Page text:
Oh joy and happiness! I am writing this on my newly repaired AlphaSmart 3000. Be still, my beating heart. I must not swoon. I am so happy to have this little device back in my life.
Why am I so excited? Go to the AlphaSmart web site and look at the Dana (it replaces the AlphaSmart 3000 in their offerings). Your first reaction will be to ask, "Why should I get excited about this? Why did you drop 200 bucks on a one purpose device, and with such limitations, when low end laptops are priced at $400?" Simple. Three AA batteries will last 700 hours in this thing. Let me repeat that... seven hundred hours. Do the math. Use it an hour a day and you get almost 2 years before having to drop a whole two dollars for new batteries. Use it a few hours a week and you forget the thing even uses juice.
It weighs only on pound. It is well built. When I turn it on, it is ready to use in 5 seconds. It never loses data. It dumps text to my PC using a USB connection, and pretends it is just a keyboard. Use it with ANY hardware, ANY operating system and dump a file into ANY program that accepts text input from the regular keyboard. When this blog post is ready, I will open a browser, log into my account and create a new post, plug in the AlphaSmart and push the send button. Shazam. The ghost in the machine starts pushing 200 words a minute onto the screen.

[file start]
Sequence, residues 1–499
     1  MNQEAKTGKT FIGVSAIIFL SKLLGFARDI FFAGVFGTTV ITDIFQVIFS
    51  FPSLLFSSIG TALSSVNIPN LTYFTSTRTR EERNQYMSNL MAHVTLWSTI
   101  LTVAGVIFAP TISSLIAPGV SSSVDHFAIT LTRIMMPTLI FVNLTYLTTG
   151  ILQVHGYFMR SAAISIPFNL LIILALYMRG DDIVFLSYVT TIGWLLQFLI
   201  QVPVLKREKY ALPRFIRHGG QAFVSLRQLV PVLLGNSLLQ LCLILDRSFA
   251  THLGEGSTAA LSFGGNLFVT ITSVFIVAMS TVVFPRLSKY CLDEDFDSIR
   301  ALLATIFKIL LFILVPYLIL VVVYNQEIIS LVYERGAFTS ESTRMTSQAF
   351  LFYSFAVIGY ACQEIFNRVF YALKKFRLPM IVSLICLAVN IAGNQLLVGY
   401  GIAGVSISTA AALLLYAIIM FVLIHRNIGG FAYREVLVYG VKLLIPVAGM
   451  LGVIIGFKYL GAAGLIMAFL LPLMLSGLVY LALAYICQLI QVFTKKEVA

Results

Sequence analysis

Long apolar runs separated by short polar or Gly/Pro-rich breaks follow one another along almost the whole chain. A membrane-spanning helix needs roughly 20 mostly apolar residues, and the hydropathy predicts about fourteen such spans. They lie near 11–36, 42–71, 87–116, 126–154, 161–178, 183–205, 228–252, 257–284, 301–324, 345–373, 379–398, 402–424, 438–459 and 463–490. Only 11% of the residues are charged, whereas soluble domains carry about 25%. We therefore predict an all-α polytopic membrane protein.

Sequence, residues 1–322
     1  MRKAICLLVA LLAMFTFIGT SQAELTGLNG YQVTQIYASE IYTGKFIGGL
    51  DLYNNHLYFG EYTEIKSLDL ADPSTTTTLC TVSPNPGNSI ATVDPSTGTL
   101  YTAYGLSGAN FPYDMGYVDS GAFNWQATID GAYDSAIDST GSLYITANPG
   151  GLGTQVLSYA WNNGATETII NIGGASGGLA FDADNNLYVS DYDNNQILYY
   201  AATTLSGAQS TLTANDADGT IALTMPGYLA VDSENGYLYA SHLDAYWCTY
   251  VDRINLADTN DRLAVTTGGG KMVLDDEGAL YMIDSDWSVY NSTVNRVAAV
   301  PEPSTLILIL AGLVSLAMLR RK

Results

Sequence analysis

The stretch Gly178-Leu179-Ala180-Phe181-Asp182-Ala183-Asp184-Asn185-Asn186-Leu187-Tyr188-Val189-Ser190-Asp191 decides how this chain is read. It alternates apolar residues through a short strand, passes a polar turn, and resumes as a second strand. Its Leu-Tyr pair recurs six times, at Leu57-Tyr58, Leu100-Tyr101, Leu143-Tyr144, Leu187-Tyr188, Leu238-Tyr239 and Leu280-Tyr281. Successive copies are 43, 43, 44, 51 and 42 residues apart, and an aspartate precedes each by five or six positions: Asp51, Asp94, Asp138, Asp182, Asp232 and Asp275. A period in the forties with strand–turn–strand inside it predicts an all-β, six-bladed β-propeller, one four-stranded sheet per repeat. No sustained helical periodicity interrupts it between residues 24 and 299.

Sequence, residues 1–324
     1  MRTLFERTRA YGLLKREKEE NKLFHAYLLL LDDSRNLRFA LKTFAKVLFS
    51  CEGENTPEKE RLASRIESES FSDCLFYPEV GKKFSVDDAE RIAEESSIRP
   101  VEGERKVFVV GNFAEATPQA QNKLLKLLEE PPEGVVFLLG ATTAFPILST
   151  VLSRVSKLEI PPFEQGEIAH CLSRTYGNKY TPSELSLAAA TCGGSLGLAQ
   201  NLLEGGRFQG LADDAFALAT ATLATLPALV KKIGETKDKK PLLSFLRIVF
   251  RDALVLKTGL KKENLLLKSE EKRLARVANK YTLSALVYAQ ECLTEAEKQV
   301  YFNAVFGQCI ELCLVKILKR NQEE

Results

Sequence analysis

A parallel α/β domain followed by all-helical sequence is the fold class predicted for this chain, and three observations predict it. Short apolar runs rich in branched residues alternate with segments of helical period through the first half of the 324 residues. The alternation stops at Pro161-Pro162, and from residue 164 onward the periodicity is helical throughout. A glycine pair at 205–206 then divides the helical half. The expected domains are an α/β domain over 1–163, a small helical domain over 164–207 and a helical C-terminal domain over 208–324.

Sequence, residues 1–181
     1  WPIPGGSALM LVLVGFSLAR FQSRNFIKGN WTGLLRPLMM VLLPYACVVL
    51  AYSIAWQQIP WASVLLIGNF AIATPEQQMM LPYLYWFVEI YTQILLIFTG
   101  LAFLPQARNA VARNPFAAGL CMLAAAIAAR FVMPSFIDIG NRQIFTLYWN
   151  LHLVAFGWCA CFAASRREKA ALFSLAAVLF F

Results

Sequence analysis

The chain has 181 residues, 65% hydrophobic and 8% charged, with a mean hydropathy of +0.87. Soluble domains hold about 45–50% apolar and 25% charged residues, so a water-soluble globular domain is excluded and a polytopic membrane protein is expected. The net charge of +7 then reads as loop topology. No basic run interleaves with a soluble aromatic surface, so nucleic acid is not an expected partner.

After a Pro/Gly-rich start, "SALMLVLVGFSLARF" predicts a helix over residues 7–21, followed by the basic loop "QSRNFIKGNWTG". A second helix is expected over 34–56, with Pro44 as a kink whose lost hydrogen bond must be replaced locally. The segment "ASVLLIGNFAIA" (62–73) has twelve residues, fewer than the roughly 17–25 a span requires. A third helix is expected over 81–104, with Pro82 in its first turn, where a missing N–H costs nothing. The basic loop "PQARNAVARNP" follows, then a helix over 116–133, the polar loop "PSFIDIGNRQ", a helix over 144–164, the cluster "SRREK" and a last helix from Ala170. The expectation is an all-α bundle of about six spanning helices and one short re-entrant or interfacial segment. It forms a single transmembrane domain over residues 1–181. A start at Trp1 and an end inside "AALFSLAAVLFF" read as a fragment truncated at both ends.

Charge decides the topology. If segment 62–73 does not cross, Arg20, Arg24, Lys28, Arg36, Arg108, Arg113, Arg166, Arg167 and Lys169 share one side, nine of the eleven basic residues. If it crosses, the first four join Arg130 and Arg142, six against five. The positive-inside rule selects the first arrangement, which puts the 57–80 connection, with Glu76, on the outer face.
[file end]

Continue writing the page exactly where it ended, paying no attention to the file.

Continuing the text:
I am also quite pleased with my customer support experience. I sent an e-mail from the web site and had an answer within one business day, offering two options to fix the problem. I ordered a replacement keyboard to fix it myself. This was on Monday. The keyboard arrived on Friday. The instructions were clear, complete and accurate. The support people were all Americans who sounded happy and competent. The repair took less than 10 minutes - there were no surprises. The instructions were the best bit of technical writing I have seen in years. Kudos to the entire organization.
In O.T.O. news, the Electoral College voted for continuing status for Horus Oasis - I am still acting body master. They cited confirmation of my initiation to third degree as being the one item lacking. I understand and agree. "Let all be done well and with business way." A few people are treating this as if being confirmed body master is a prize or plum of some sort. "Have you heard yet?, asks one person, with a thrill in her voice. "I'm sure you'll get it!, says another, as if confirming that I am worthy, or maybe just a little bit exalted. Do any of these people stop and remind themselves that this is a JOB? It is a series of tasks, duties, and frustrations. The rewards are small and sometimes hard to recognize. It is a freaking pain in the ass. A part of me hoped the college would return a decision of, "Not only no, but Hell No." It would be a relief.